Monday, December 22, 2008

You never forget your first food co-op, or brussel sprouts really *can* be good!

One of the best things about visiting the Northwest for the holidays is shopping at my very first health food store, the Boise Co-op ( My family first became members back in the early 1980s, when they were still in their third location (this co-op has been around since 1973) on 13th street in Hyde Park. According to the Boise Coop website, this storefront in Hyde Park originally housed a Salvation Army and had a dirt floor when they moved in, but I don't remember the dirt floor. What I do remember was my mom telling us we'd need to go volunteer there ("wrapping cheese and sorting food" was the work we'd be doing, according to my mom), because membership in the co-op back then couldn't be bought, you worked for your share in the store. It was definitely a "crunchy".."granola"...or "hippie" affair, whatever you want to call it, in the Northwest tradition.

The Boise Co-op has come along way; they now are in their fifth location, an actual supermarket space with 26K square feet, offices in a North End bungalow across the street, and a wine store in an adjacent building. And while it has gotten "fancier", as much a yuppie favorite and specialty and gourmet foods purveyor as health food market, it still certainly retains that Northwest counterculture feel. Since our family Boise Co-op membership in the early 1980s I have lived in four states, sampling co-ops, health food stores, specialty markets and high-end grocery chains. None has captured my heart and palate the way the Boise Co-op has (although Wheatsville in Austin runs a verrrrrry close 2nd, but that's another post altogether, most likely on the heels of some much longed for trip to Texas).

While I usually head to the Boise Co-op to simply wander around the aisles and soak up the atmosphere (yes, I really do visit a health food store just for the atmosphere!), this time I was on a mission: brussel sprouts for my family.

Yeah, I know, that doesn't sound terribly exciting. Now St. likes brussel sprouts, but I suspect that's because she's Belgian (get it? Brussels, Belgium...I wonder if she likes Belgian endive...will have to cook that for her upon my return). I'm actually not trying to be funny, but I think it might just be in her heritage. The rest of the world, the people who are not Belgian...generally don't get excited about brussel sprouts. But...I do.

My mission: two pounds of locally and organically grown brussel sprouts to compliment my mother's baked ham. Number of people served (counting on hands..1..2..3..) a whopping 10! Well, seven, actually, because three in that crew are children and we all know that the kids weren't going to be eating the brussel sprouts. So, off to the Boise Co-op to purchase two lbs. of brussel sprouts for my people.

Now, I should have mentioned above that I have a delicious brussel sprouts recipe that is perfect for a winter meal. Yes, once again, (I'm a broken record here) it's from The Gourmet Cookbook, like many of my favorite recipes. I was to make Pan Browned Brussel Sprouts, which sounds just fine, but it doesn't really make your mouth water until you hear the ingredients: butter, olive oil, garlic, pine nuts, and of course brussel sprouts and pepper. Did I mention the pine nuts?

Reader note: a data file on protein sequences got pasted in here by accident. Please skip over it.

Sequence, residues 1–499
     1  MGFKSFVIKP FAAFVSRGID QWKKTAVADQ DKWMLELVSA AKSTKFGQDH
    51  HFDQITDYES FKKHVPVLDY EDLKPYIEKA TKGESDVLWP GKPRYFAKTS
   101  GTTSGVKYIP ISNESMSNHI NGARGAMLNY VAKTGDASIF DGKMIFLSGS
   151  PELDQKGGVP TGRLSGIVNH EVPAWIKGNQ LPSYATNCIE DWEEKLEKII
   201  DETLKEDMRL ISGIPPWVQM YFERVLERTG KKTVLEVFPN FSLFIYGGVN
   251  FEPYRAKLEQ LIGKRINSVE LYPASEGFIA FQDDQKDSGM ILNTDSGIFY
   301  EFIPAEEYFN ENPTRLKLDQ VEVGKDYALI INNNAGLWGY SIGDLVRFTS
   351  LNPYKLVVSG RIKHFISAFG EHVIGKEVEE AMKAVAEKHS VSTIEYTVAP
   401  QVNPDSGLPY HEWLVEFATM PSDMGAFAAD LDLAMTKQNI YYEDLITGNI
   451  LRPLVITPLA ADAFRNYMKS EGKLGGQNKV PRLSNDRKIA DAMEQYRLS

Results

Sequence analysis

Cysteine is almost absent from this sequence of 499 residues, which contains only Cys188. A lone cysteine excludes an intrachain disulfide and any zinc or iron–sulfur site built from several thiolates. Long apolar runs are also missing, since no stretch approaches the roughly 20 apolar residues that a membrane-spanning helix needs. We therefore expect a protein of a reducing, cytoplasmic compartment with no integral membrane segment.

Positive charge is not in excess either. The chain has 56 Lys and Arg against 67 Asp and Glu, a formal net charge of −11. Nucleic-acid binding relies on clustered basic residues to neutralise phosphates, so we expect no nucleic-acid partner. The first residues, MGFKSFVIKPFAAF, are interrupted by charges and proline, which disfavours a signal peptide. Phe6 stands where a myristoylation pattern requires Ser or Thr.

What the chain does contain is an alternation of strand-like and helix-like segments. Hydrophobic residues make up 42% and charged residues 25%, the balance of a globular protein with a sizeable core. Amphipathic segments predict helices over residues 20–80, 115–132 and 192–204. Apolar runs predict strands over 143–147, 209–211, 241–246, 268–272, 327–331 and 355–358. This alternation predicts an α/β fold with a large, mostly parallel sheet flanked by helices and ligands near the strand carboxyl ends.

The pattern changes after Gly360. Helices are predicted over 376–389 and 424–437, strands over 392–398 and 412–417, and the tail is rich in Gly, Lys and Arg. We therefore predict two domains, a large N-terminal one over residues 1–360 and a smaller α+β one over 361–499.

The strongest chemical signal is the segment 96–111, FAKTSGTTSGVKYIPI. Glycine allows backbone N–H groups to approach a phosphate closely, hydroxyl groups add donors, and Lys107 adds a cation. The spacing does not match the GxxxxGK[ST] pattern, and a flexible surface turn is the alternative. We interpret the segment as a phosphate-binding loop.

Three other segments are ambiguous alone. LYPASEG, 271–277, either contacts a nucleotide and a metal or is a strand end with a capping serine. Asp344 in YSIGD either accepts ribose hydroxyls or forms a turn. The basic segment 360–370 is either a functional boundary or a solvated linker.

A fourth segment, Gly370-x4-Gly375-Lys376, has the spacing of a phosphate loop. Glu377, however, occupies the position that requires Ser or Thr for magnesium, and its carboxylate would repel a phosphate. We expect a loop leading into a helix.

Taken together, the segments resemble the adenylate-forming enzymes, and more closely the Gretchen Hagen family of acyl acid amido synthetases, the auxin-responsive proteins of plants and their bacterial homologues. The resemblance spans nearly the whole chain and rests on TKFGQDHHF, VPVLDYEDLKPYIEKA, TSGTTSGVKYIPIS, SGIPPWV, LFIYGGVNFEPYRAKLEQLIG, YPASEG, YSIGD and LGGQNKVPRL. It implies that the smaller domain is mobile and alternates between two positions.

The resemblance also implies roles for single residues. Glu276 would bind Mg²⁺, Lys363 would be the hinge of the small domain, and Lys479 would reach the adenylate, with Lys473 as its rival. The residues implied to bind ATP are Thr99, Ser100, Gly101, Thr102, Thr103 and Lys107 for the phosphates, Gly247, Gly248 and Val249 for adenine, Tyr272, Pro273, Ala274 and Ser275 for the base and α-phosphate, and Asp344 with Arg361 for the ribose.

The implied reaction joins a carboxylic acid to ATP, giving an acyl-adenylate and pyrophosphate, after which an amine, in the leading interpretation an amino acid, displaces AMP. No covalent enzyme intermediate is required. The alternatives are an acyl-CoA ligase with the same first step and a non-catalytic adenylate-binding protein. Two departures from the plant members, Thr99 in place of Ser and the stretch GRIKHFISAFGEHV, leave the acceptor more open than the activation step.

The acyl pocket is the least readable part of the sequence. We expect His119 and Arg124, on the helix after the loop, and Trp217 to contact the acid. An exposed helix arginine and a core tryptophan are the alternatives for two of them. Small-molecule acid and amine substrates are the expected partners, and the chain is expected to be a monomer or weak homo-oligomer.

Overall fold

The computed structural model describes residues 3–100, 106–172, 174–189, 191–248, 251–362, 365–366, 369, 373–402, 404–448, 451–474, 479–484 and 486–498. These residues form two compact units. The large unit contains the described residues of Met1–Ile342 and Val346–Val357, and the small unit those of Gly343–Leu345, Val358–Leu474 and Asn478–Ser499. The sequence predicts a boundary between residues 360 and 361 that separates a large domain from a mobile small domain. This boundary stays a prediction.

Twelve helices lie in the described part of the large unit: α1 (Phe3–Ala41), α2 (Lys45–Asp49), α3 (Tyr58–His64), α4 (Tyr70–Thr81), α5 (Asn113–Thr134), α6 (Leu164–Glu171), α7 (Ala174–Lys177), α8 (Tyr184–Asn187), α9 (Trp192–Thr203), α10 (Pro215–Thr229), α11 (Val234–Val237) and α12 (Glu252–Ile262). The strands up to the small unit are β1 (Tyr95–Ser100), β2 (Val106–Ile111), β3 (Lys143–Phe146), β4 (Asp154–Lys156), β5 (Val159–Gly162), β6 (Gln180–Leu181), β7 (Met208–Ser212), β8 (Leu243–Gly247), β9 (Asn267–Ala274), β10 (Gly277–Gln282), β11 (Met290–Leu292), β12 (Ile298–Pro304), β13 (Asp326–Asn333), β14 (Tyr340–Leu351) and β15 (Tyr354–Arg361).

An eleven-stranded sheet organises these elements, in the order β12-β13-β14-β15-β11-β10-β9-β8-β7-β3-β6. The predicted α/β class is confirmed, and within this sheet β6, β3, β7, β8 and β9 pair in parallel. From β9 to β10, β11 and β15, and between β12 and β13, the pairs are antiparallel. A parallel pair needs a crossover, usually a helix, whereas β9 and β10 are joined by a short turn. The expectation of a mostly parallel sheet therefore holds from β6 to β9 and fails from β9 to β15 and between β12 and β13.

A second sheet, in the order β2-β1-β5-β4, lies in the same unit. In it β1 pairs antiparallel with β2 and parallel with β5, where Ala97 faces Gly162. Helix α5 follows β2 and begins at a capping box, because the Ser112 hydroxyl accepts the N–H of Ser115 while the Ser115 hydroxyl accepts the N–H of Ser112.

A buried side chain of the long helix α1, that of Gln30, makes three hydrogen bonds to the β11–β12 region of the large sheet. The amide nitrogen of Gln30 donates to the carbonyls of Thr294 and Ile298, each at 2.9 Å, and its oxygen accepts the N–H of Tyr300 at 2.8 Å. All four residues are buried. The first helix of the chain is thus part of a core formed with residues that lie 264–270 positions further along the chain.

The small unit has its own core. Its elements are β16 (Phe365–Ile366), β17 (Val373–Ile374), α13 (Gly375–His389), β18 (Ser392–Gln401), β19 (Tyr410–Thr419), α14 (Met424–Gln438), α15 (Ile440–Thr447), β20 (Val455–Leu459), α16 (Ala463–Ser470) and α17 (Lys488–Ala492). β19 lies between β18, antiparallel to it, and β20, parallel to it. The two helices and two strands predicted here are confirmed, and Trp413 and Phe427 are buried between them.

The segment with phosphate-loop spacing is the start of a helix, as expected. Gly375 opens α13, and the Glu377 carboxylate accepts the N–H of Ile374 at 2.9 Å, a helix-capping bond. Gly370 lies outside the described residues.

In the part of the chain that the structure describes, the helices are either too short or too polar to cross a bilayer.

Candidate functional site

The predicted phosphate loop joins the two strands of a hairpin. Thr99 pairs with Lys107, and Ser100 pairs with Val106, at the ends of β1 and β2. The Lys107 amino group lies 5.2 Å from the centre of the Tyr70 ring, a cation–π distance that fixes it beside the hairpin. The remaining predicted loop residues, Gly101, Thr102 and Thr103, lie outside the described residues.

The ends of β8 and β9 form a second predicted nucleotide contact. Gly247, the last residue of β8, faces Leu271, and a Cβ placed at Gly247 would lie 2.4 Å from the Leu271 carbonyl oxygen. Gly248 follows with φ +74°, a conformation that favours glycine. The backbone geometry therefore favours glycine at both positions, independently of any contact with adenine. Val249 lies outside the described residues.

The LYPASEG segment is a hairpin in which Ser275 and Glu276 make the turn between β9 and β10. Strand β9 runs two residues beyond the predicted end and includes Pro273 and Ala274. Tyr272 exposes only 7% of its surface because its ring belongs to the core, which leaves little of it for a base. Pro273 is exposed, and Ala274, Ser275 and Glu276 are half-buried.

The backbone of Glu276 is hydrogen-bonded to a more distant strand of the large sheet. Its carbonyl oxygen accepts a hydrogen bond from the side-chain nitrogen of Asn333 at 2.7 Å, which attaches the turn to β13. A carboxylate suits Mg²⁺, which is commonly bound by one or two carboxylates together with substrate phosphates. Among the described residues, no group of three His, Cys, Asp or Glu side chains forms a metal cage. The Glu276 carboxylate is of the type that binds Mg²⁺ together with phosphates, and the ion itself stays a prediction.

Yes, the pine nuts. Brussel sprouts browned in butter with pine nuts. I mean really.

Much to my city slicker amazement, the brussel sprouts I found at the co-op were still on the stalk. I was amazed at this because, well, I didn't know they even grew on the stalk. And if you didn't know that, don't feel badly, because my brother didn't know that either. So, seriously, I bought two stalks, each one with maybe 35 sprouts on it. I felt so damn wholesome I could hardly stand it.

So I walked back from the co-op, through the snow storm, making a stop by the sledding hill (is this starting to get too Charlie Brown Christmas for you yet?) to say "hello" to my sister and my son, then arrived at my parents home, a 100-year old farmhouse decked with holly, bows, Christmas lights, and a fabulously remodeled kitchen.

Without further ado, I give you one of my favorites:

Pan Browned Brussels Sprouts
(this recipe serves 2 or 3 - I obviously quadrupled it for the occasion)

1 1/2 T unsalted butter
1 T olive oil
2 large garlic cloves
1/2 lb. brussels sprouts, trimmed and halved
2 T pine nuts
salt and freshly ground pepper

Melt 1 T butter with the olive oil in a heavy skillet, preferably cast-iron, over moderate heat. Add garlic and cook, stirring, until pale golden, about 3 mins. Transfer to a small bowl with a slotted spoon.

Reduce heat to low, arrange sprouts cut sides down in skillet in one layer, and sprinkle with pine nuts and salt to taste. Cook, uncovered, without turning, until sprouts are crip-tender and undersides are golden brown, 10-15 minutes (for some reason this took nearly 30 minutes this last time). With tongs transfer sprouts to a plate, leaving pine nuts in the pan.

Add remaining 1/2 T butter to skillet and cook nuts over moderate heat, stirring, until evenly pale golden, about 1 minute. Stir in garlic, then spoon mixture over sprouts and season with pepper.

My family loved this. Since they are not accustomed to my cooking, I can't really trust their words (great, wow, etc.) but the fact that an entire 2 lbs. of brussels sprouts disappeared...well, that speaks louder than words.

1 comment:

  1. When I cook B.S.s I blanche the halves for about three minutes first; it really helps them cook quicker and more evenly. Thanks to Mario Batali for that one...